7. jonathan says:

    I read the NEMJ article before realizing it was going to draw so much attention. Some points:

    1. It’s not a study. It’s a progress report. A report doesn’t have the same structure as a study. I would hope that’s obvious.

    2. If you go through the medians – which are what is reported – you see only the very basic before and after (or rather current) stats for a few measures. Take a look. Blood pressure median was 119/76. Cholesterol was total 201, hdl about 47 or8 (I forget). See the issue? These are good numbers. No matter what you do medically, you aren’t going to lower 119/76 for a reasonably sized group. That’s where you want to be – which raises a bunch of questions about the health going in of the people in the pool.

    3. As to what has happened, we can only see that about 6% were identified as hypertensive. And about the same were identified as having high cholesterol. It’s entirely possible – I’d say likely – you’d identify people with worse than the median, treat them and not move the median in this case. Why? Because 201 is a good number, just as 119/76 is a good number. I take blood pressure and cholesterol meds and those are roughly my numbers because that’s about where you can get for most people.

    4. There seems to be an assumption – mentioned in the post – that people must have been unhealthy. The data we see, which isn’t much, indicates they aren’t as a group unhealthy and/or that unhealthiness can be reduced without moving the median much. That makes basic numerical sense. I can imagine a large group of people clustered near 119/76 and 201 with not much of a range below but a relatively larger range above – again, because you don’t see many people with better than 119/76, etc. That means improvements in the unhealthy wouldn’t show in the median. I’d love to see more representations of the data.

    • jonathan says:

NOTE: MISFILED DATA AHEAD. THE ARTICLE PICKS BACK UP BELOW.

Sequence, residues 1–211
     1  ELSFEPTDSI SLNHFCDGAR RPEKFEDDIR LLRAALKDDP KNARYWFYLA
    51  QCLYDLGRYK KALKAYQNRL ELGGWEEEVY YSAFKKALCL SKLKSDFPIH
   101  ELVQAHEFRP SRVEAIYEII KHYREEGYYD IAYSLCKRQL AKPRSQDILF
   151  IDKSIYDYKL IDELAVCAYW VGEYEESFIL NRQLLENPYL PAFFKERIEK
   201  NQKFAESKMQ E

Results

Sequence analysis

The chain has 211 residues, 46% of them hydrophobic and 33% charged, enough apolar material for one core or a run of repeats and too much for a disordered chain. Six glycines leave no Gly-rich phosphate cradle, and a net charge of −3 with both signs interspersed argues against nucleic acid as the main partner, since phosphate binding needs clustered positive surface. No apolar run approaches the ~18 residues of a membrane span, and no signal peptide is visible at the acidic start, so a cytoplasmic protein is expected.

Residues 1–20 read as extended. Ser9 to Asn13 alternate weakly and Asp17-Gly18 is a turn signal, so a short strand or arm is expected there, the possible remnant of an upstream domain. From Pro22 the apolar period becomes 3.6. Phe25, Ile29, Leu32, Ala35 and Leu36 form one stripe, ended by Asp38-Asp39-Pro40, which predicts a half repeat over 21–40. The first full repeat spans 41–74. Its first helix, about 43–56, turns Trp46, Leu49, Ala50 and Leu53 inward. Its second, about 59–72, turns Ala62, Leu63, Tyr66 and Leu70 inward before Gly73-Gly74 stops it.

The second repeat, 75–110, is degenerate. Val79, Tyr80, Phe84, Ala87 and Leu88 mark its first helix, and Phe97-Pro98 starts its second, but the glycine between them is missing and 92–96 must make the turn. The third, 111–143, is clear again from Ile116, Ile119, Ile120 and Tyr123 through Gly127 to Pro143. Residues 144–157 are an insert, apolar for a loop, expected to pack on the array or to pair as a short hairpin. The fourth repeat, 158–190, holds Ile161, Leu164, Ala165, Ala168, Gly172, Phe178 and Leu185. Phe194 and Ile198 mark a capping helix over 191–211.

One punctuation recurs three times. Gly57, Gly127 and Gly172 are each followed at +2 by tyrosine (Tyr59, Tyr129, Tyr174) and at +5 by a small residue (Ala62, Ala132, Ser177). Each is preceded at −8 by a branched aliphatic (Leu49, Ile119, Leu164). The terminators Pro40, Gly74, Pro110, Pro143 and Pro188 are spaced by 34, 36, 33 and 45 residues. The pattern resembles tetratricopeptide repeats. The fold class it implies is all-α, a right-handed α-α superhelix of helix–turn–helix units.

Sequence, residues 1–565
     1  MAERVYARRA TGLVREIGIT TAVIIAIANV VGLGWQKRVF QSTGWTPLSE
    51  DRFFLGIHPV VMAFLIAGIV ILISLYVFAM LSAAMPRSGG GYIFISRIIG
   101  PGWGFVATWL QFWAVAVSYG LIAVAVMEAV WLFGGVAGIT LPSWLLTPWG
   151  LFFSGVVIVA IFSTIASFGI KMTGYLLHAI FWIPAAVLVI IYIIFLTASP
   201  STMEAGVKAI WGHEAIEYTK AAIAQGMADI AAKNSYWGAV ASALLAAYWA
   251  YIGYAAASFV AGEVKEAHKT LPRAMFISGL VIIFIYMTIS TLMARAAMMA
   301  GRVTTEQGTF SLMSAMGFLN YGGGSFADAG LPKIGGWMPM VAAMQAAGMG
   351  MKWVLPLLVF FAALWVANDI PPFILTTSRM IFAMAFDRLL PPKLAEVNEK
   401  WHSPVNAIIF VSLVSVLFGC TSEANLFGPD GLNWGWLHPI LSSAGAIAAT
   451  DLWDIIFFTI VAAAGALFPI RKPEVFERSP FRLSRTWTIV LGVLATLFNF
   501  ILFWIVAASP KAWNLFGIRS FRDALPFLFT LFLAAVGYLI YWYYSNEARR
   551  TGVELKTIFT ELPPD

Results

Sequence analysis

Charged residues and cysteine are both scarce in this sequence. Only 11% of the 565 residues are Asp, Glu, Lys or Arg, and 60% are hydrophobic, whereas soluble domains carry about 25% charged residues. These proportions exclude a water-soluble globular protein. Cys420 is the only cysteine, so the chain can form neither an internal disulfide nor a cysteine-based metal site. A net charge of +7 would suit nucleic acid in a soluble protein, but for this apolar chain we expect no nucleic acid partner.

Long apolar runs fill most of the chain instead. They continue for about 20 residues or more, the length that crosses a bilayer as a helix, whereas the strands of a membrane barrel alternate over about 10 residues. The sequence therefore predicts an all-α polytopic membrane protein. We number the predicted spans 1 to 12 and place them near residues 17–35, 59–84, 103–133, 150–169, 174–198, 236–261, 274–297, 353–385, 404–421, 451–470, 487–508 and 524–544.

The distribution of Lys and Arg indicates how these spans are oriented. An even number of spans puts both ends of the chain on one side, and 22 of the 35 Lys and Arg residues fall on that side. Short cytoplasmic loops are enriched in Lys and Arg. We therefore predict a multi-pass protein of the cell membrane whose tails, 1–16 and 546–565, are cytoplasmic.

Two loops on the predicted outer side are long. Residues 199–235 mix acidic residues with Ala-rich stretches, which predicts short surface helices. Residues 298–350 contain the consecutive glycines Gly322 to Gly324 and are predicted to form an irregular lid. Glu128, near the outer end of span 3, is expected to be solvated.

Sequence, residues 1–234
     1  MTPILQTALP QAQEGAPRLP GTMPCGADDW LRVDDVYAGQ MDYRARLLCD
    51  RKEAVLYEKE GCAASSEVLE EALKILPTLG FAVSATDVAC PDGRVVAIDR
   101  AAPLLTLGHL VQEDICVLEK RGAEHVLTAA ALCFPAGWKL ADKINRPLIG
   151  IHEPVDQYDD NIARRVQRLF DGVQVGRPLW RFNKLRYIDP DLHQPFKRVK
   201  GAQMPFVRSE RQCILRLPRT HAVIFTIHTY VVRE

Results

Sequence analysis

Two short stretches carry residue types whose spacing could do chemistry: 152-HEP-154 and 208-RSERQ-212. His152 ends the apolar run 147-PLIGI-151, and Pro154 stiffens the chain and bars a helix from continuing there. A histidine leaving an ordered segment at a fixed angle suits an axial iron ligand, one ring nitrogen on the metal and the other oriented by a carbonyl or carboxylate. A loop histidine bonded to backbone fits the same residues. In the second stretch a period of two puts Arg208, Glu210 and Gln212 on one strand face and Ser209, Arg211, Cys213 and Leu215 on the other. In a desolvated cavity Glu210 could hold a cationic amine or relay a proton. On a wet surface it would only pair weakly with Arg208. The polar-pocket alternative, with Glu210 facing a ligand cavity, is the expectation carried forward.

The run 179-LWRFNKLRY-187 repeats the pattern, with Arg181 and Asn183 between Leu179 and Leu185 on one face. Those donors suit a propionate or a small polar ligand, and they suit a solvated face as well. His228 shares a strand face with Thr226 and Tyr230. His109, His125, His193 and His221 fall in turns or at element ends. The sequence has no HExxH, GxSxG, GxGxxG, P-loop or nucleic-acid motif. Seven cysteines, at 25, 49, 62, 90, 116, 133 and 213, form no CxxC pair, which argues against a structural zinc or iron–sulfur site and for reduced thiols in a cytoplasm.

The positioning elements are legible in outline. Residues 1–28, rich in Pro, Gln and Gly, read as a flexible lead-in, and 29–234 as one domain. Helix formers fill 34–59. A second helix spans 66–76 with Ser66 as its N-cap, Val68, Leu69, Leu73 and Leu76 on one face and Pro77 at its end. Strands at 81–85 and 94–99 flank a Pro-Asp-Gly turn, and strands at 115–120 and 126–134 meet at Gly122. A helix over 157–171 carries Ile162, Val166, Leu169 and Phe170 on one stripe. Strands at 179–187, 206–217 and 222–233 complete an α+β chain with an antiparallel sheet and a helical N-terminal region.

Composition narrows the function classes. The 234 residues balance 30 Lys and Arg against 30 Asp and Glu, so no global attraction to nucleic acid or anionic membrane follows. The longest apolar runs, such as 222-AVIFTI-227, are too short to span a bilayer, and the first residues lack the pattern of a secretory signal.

Since I believe in corrections, I was looking at the article again and it hit me that I referred to median in this comment. I meant mean. There is a difference but the basic point remains. I should read things more carefully. But I took the time and went through the supplemental appendix, which contains much more data. The mean is basically the median, which didn’t surprise me. Not an excuse for misreading.

      I note the dominant medications taken in the group are the ones I take, lisinopril and simvastatin, the generics for hypertension and high cholesterol. I still wonder why people expect radically different results.

  8. Megan McArdle says:

    That was a bit of a joke; I was tweaking the folks who in 2011 were confidently predicting that this round would show major health improvements, and are now claiming to be excited that we’ve finally proven Medicaid doesn’t kill you.

    The projected 10-year cost of Obamacare is currently somewhere north of $1 trillion (though as this was offset by Medicare cuts, total spending won’t increase that much. Though many of those cuts may not take place, so perhaps it will.) Total annual spend on Obamacare is expected to be somewhere in the range of $150-200 billion a year after 2014, if I recall correctly.

    It’s very hard to tell how many lives you’d save. There was no significant mortality improvement, but with a population under 65 in only two years, I’m not sure we could get that number. If you look at the effects of these, given that they’re the three major chronic diseases, and assume that they’re close to the true figures in the population, I don’t think you could get to 8 people out of the 6400. For hypertension, the number needed to treat to prevent one stroke in five years is between 29 for severe and 118 for mild hypertension, and as with most conditions, mild hypertension is far more common than severe. 85 people in the treatment group were well controlled, compared to the rate in the control group. So (with the caveat that I Am Not A Health Care Statistician) the most likely result is that we prevented 0 to 1 stroke over a five year period. And not all strokes are fatal. There are also heart attacks, but NNT is higher, so again, 0 to 1. That’s about the same as for cholesterol treatment–and again, in both cases, we mean all heart attacks, not just fatal ones.